Washington Metropolitan Area Transit Commission, Appellant, v. Holiday Tours, Inc., et al, 559 F.2d 841 (D.C. Cir. 1977)Annotate this Case
July 5, 1977
Gregory P. Barth, Gen. Counsel, and Gregory M. Murad, Asst. Gen. Counsel, were on the motion for appellant.
John D. Grad and Philip J. Hirschkop, Alexandria, Va., were on the opposition to the motion for appellees.
Before WRIGHT, LEVENTHAL and ROBB, Circuit Judges.
LEVENTHAL, Circuit Judge:
The District Court granted the Washington Metropolitan Area Transit Commission a permanent injunction restraining Holiday Tours from operating a motor coach sightseeing service without a certificate of public convenience and necessity. Then, on motion of Holiday Tours, the District Court stayed its injunction pending appeal. We deny the Commission's motion to vacate the District Court's stay, and in doing so find it necessary to refine the discussion in Virginia Petroleum Jobbers Association v. FPC, 104 U.S.App.D.C. 106, 259 F.2d 921 (1958).
On the merits, this appeal turns on the proper interpretation of Holiday Tours, Inc. v. Washington Metropolitan Area Transit Commission, 125 U.S.App.D.C. 336, 372 F.2d 401 (1967), in which we affirmed the Commission's ruling that Holiday Tours was not entitled to a certificate of public convenience and necessity under the "grandfather clause" of the pertinent statute. In our concluding paragraph of that opinion, we stated (at 402):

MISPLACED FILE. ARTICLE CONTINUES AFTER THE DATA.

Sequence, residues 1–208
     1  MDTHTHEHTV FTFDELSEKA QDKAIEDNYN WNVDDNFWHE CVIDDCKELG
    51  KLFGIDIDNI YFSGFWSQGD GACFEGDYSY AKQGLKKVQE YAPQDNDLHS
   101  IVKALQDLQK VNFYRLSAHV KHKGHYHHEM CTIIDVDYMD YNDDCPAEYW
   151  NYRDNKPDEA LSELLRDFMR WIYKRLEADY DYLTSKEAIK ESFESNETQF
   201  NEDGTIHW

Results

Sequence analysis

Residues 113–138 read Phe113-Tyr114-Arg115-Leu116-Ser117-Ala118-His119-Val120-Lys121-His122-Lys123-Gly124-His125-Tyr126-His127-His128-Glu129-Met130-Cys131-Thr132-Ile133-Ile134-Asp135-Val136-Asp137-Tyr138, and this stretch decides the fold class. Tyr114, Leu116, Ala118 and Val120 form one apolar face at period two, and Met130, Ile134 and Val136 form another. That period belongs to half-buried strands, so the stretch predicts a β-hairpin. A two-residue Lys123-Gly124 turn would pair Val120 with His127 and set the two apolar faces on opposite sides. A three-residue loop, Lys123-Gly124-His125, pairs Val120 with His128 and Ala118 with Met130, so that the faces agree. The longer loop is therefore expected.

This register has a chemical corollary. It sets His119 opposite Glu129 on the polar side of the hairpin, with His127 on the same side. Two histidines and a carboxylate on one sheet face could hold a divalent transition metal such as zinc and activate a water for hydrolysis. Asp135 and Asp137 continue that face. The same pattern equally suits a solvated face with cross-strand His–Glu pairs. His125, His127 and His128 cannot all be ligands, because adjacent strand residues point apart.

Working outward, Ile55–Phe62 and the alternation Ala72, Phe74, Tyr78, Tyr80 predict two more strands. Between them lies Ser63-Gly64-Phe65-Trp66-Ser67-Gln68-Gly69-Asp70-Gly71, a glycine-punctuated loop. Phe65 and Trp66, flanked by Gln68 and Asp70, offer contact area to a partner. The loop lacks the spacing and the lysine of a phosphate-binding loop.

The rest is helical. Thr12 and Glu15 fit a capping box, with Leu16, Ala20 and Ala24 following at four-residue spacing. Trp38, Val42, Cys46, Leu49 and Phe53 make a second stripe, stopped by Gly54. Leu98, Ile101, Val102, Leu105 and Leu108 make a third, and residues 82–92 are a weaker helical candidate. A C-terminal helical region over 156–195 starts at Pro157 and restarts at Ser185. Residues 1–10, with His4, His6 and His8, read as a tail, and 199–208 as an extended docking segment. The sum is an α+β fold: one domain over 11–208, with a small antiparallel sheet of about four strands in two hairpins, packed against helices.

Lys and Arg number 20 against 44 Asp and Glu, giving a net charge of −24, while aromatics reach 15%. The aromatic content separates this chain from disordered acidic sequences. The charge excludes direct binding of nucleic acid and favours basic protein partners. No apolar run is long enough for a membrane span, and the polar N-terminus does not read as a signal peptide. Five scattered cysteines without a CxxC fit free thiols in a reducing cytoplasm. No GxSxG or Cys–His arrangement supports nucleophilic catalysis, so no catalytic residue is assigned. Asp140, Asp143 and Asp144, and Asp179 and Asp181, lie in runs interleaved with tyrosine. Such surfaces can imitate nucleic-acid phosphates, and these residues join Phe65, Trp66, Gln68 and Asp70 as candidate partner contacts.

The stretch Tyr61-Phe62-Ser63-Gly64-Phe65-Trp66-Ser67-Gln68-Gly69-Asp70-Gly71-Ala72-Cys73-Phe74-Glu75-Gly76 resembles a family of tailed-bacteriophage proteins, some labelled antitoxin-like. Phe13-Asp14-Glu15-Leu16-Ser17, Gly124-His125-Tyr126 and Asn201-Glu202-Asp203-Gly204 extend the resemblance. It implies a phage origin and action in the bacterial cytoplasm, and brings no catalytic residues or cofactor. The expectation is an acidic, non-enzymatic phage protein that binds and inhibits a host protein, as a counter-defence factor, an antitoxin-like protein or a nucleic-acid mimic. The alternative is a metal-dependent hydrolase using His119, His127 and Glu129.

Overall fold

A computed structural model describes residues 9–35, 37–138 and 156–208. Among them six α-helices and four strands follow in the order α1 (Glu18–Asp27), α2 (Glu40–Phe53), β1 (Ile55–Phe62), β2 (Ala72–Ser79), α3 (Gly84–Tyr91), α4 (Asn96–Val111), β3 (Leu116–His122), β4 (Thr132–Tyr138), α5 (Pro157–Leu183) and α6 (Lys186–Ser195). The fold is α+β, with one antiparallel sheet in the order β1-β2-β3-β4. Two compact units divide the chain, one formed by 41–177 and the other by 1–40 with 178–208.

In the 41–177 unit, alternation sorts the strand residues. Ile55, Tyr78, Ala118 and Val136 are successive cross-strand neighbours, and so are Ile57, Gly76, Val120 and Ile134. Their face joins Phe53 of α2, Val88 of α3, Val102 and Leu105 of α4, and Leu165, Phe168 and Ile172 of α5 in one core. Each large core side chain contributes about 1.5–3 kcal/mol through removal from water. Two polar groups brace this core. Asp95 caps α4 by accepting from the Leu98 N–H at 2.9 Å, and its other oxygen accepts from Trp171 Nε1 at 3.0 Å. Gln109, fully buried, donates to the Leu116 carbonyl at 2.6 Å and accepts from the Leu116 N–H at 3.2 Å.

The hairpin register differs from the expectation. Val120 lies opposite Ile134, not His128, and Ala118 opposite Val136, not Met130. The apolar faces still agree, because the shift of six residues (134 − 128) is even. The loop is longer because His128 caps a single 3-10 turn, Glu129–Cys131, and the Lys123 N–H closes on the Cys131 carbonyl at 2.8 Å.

Finally, we note that the Commission concedes that appellant may continue to operate in the future a sightseeing business by limousine, as well as with buses and drivers supplied by licensed bus operators.
This language is central to the current dispute because Holiday Tours, which was primarily a limousine tour service when our earlier opinion was rendered, has recently transformed itself into primarily a bus tour service. Holiday Tours contends that this conversion is authorized by the quoted language so long as the buses are rented from licensed operators rather than owned by Holiday Tours itself. The Commission, however, argues that the language is merely the court's observation that no certificate is required if Holiday Tours occasionally rents buses to accommodate additional customers as an adjunct to its primary business of providing limousine tours. The Commission emphatically rejects an interpretation which sanctions Holiday Tours' conversion from a limousine to a bus tour service.